I keep reading about how the Gumshoe system provides a fix for investigation in role-playing games. The problem they identify is that a botched die roll can prevent players from gaining a vital clue.
My first thought is that applying mechanics to investigation is the real mistake. Then I think that for a game—like Call of Cthulhu, which is all about investigation—maybe it makes sense.
But then I think, isn’t D&D really about investigation too? You’re trying to locate the McGuffin or explore the unknown or whatever. D&D didn’t have much in the way of mechanics for investigation, and—I think—for good reason. The more such mechanics have been expanded and added to D&D, the more you see people coming up with complaints exactly like the one Gumshoe is designed to address.
Gumshoe’s answer is to provide a resource-based mechanic in place of a dice-based one. (There are still dice rolls, but overall it’s more resource-management focused.) Reading about this, I can’t help but think that I’d rather spend time at the table thinking about the mystery and the clues rather than resource management.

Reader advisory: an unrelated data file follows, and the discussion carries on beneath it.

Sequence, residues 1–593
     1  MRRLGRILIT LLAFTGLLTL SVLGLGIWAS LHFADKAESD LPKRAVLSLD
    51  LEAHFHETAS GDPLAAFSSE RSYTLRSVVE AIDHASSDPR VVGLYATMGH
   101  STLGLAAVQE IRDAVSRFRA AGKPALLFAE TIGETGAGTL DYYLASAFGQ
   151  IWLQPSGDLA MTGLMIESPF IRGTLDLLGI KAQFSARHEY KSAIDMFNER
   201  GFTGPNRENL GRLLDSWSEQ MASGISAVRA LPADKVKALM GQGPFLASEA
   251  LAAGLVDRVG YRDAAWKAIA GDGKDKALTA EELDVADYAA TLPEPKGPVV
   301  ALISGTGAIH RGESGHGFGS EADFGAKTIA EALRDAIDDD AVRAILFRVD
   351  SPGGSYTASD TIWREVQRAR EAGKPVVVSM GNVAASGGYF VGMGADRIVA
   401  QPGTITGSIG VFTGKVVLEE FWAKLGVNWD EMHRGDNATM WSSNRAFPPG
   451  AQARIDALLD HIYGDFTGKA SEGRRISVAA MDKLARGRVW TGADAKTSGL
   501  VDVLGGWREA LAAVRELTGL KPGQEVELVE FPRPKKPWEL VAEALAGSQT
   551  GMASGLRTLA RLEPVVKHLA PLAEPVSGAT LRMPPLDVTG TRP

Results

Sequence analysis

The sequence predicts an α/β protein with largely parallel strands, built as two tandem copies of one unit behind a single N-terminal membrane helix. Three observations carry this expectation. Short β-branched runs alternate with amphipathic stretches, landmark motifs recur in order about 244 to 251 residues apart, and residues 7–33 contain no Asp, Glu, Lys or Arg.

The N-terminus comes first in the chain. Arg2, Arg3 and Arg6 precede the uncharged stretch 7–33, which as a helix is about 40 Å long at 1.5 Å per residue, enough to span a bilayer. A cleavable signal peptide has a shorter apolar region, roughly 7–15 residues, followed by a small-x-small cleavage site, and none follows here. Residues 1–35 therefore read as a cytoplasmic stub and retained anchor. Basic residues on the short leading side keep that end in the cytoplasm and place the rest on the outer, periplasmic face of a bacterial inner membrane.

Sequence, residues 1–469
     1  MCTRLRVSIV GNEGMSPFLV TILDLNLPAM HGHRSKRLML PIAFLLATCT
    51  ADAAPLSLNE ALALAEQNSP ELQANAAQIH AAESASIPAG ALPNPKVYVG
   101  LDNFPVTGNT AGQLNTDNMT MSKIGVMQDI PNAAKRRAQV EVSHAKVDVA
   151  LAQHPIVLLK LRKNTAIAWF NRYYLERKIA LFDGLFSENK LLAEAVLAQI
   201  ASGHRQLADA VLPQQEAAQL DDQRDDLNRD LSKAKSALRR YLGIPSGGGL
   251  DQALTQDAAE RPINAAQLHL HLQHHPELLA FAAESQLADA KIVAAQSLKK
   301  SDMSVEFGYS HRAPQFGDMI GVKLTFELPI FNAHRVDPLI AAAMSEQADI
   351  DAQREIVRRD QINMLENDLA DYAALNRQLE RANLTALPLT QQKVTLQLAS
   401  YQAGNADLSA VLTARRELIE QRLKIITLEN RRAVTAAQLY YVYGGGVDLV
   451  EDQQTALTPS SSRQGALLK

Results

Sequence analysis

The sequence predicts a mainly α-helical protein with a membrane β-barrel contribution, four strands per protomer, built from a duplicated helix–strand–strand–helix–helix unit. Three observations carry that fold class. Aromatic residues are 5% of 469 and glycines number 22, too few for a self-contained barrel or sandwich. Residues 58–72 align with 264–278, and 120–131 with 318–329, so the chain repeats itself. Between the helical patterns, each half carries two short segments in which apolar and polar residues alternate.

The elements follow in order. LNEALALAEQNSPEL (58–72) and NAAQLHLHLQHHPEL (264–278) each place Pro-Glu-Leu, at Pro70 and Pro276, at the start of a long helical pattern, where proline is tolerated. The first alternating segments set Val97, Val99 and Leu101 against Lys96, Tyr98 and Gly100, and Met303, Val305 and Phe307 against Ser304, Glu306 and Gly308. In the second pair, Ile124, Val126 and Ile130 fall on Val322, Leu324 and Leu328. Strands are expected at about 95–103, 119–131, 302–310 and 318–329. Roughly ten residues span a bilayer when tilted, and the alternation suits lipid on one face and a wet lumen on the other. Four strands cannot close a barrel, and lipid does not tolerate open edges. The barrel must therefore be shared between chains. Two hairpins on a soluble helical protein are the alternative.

So, I’m back to thinking that applying mechanics to investigation doesn’t seem like such a good idea.
This all feels a little unfair since I haven’t actually read any of the Gumshoe books yet. This, however, is the reason why I haven’t bought or read any of them yet.